Lizette Woodworth Reese

(January 9, 1856 – December 17, 1935 / Waverly)

Daffodils - Poem by Lizette Woodworth Reese

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Fathered by March, the daffodils are here.
First, all the air grew keen with yesterday,
And once a thrush from out some hollow gray
On a field’s edge, where whitening stalks made cheer,
Fluted the last unto the budding year;
Now that the wind lets loose from orchard spray
Plum bloom and peach bloom down the dripping way,
Their punctual gold through the wet blades they rear.
Oh, fleet and sweet! A light to all that pass
Below, in the cramped yard, close to the street,
Long-stemmed ones flame behind the palings bare,
The whole of April in a tuft of grass.
Scarce here, soon will it be—oh, sweet and fleet!—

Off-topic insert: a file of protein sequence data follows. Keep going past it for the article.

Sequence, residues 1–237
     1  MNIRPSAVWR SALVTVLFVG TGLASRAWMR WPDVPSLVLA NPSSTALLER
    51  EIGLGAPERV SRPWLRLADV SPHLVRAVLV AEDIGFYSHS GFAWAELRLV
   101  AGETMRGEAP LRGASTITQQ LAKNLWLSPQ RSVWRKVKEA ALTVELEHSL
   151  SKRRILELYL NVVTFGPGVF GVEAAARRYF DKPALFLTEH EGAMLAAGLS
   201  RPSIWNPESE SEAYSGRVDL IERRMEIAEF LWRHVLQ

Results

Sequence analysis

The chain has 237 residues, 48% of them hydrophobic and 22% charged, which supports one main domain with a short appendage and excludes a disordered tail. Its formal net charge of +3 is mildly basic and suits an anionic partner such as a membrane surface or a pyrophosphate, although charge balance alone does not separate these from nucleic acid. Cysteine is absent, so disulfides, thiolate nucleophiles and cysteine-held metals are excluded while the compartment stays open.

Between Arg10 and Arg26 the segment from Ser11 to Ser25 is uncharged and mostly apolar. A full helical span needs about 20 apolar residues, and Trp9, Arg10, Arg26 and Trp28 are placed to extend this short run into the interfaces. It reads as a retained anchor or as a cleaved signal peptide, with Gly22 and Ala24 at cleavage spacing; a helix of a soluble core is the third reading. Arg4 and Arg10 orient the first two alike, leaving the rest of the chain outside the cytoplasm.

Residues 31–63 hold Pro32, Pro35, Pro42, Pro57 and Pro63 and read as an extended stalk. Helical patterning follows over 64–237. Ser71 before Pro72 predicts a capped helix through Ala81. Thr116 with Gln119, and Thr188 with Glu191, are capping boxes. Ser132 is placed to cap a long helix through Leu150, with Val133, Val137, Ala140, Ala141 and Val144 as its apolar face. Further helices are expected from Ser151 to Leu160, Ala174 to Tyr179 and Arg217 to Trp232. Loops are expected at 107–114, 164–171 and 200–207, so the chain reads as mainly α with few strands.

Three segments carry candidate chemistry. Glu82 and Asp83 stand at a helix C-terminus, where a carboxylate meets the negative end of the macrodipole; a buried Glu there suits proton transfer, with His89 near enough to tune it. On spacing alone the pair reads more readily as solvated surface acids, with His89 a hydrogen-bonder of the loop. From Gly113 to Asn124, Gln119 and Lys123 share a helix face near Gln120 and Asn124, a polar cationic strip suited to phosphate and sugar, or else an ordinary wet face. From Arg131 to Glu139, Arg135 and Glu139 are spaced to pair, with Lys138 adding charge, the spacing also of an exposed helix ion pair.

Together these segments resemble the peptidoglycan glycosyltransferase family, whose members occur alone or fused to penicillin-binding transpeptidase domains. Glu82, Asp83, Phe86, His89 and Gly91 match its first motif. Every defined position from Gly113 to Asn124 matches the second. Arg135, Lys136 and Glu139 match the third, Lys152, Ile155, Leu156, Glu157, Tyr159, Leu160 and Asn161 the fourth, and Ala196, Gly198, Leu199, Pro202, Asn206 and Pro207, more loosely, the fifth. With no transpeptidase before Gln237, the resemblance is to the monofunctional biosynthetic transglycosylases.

Gone like a snatch of song upon the stair.


Comments about Daffodils by Lizette Woodworth Reese

  • Rookie - 37 Points Colleen Courtney (5/19/2014 10:23:00 AM)

    Yes, the daffodils come and show us their beauty for such a short time, but makes us look forward to all the blooms to come! Nice poem. (Report) Reply

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Poem Submitted: Saturday, December 17, 2011



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